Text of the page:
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"Radical Common Sense"
byline: Marilyn Ferguson 

When we got organized as a country and we wrote a fairly radical constitution with a radical amount of individual freedom to Americans, it was assumed that the Americans who had that freedom would use it responsibly.       —Bill Clinton 

To get out of the bottle we need radical common sense. Radical common sense is common sense deliberately encouraged and applied. Radical common sense reflects the growing realization that individual good sense is not enough—that society itself must make sense or decline. Radical common sense is a spirit. It respects the past, it pays attention to the present, and therefore it can imagine a more workable future.

On the one hand, it looks as if modern civilization hasn’t the time, resources, or determination to make it through the neck of the bottle. We can’t get there from here. We can’t solve our deepest problems through such traditional strategies as competition, wishful thinking, struggle, or war. We can’t frighten people (including ourselves) into being good or smart or healthy. We find we can’t educate by rote or by bribery, we can’t win by cheating, we can’t buy peace at the expense of others, and, above all, we can’t fool Mother Nature.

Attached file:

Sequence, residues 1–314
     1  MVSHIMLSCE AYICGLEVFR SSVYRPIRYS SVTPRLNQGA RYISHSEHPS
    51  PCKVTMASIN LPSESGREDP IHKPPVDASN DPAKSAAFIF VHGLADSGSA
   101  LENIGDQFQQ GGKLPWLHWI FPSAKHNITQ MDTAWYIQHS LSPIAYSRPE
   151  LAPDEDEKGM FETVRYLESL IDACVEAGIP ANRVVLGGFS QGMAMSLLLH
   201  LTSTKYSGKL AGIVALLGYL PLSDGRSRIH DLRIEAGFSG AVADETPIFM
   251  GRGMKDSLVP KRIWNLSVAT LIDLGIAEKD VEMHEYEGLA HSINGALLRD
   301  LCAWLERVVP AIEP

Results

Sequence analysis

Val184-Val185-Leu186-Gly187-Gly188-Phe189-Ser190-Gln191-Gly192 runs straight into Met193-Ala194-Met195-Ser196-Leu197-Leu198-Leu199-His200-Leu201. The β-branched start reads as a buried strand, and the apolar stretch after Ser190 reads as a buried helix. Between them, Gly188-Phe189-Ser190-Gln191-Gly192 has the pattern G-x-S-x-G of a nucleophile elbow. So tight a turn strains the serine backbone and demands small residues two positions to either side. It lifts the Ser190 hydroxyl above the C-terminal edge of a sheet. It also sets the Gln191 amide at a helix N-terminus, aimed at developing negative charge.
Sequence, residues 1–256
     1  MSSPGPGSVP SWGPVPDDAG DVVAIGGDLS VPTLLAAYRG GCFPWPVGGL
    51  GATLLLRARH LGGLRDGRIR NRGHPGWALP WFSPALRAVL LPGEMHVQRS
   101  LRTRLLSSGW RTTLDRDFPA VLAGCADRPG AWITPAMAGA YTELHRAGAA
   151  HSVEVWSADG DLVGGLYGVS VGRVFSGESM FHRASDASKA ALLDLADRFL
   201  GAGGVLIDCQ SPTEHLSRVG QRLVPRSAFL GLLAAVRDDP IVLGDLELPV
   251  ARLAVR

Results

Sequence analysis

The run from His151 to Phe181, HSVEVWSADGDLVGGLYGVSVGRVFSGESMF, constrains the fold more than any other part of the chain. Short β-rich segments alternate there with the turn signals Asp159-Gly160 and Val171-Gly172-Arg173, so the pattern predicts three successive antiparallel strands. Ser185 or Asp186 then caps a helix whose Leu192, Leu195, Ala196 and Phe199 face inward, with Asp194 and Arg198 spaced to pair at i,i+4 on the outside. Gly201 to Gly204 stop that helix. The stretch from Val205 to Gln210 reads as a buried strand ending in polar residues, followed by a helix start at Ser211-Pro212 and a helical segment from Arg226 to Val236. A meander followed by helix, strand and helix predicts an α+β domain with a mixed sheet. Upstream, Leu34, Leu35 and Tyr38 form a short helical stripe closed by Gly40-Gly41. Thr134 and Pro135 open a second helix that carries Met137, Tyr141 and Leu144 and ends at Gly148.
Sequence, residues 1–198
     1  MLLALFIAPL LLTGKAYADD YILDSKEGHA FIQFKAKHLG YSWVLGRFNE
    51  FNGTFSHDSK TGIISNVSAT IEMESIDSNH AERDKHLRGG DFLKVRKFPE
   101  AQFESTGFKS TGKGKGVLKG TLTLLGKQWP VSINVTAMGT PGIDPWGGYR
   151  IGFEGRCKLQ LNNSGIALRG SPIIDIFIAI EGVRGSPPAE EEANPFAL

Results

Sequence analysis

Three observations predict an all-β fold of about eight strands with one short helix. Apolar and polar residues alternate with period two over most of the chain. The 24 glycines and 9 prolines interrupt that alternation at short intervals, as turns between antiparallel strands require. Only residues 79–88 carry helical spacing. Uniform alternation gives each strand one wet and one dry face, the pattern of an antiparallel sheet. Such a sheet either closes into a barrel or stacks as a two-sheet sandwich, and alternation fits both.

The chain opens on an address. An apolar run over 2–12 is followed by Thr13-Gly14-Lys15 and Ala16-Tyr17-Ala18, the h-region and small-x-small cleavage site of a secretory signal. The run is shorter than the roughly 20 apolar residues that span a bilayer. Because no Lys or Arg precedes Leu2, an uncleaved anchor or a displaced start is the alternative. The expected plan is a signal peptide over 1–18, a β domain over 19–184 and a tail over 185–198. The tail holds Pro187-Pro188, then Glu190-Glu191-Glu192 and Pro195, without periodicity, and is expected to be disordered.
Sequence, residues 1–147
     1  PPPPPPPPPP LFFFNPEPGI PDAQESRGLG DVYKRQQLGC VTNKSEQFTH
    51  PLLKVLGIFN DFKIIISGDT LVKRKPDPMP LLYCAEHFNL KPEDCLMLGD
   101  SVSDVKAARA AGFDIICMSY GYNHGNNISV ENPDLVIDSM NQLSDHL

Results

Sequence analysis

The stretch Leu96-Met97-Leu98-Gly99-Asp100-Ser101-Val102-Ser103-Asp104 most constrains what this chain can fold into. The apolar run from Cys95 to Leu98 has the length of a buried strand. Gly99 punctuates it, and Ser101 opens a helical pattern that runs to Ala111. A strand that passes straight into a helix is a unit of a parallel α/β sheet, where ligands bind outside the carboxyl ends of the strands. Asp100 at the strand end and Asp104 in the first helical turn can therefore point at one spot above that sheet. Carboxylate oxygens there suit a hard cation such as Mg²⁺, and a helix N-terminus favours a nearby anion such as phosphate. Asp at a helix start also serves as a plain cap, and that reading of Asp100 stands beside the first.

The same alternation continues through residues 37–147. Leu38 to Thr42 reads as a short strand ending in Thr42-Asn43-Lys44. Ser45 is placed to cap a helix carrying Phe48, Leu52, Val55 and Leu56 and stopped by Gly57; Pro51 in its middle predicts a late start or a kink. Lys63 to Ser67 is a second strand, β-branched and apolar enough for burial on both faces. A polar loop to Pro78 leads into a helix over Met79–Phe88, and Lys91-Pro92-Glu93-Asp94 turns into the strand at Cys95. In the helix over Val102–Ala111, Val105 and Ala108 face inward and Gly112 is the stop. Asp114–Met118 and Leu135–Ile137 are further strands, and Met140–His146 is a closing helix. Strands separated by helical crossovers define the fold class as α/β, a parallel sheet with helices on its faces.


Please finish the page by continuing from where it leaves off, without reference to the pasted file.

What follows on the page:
On the other hand, maybe the answers lie in the problem—our thinking, especially our ideas that nature is to be mastered rather than understood. We have tried to run roughshod over certain powerful realities.

Radical common sense says let’s ally ourselves with nature. We have nothing to lose and a great deal to gain. As the old saying has it, “if you can’t beat ’em, join ’em.” We can apprentice at nature’s side, working with her secrets respectfully rather than trying to steal them. For example, scientists who observe natural systems report that nature is more cooperative (“Live and let live”) than competitive (“Kill or be killed”). “Competing” species, it turns out, often co-exist by food- and time-sharing; they feed at different hours on different parts of the same plant. Among moose and some other herd animals, the old or injured members offer themselves to predators, allowing younger and healthier members to escape.

Altruism appears to serve an evolutionary function in living creatures. In its inventiveness, nature—including human nature—may be on our side.

By documenting the health benefits of such traditional virtues as persistence, hard work, forgiveness, and generosity, scientific research is validating both common sense and idealism. People who have discovered a purpose feel better, like themselves more, age more subtly, and live longer.

Radical common sense derives its conviction from science and from the inspired examples of individuals.

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